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Fostering civil society impulses for sustainable products How policy can strengthen consumer apps and repair initiatives

Making the economy sustainable is a complex joint task. Companies play a central role in this: the design, development, manufacture and sale of products are their core competence. It is true that product development and its design are part of entrepreneurial freedom. But social concerns, especially the global sustainability goals, should be integrated from the very beginning - also to meet the demands of customers.

Civil society actors such as environmental and consumer associations are campaigning at various levels for companies to meet higher environmental and health standards. Some associations and organisations develop apps that bundle customers' change requests. The project examined the apps "Replace PalmOil", "ReplacePlastic" and "ToxFox" as examples. Other initiatives are involved in the repair community to improve the repairability and longer useful life of products.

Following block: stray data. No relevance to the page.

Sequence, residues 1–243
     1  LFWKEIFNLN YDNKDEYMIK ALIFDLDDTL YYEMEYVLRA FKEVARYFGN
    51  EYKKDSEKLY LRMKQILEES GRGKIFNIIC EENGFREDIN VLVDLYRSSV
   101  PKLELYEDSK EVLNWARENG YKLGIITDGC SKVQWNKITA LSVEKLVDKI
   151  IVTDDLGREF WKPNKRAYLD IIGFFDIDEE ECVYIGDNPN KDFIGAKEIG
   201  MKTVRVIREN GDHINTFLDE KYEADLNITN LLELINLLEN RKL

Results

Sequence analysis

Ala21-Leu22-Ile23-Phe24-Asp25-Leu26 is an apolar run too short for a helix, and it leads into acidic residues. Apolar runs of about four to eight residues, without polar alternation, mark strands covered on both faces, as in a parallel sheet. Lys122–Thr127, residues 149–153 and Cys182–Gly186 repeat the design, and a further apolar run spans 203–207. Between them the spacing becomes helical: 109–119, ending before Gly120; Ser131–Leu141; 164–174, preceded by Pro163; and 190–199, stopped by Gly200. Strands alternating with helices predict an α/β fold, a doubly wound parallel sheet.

These actors activate citizens - not only in their role as buyers, but also as providers of impulses and knowledge. The apps and the activities of the repair community bundle the interests of citizens and influence corporate and political decision-making horizons. The operators of the apps and the repair initiatives work primarily on a voluntary basis. They cannot be a substitute for political measures, but they bundle civil society concerns in advance of political activities and measures. In order to preserve and also expand such approaches, politics should strengthen voluntary engagement and support the activities of the operators. Central to this is financial, infrastructural and organisational support for civil society initiatives and individual volunteers who want to work towards more sustainable products. The policy paper shows which approaches policy-makers can take to achieve this and explains how exactly the apps and the repair community work.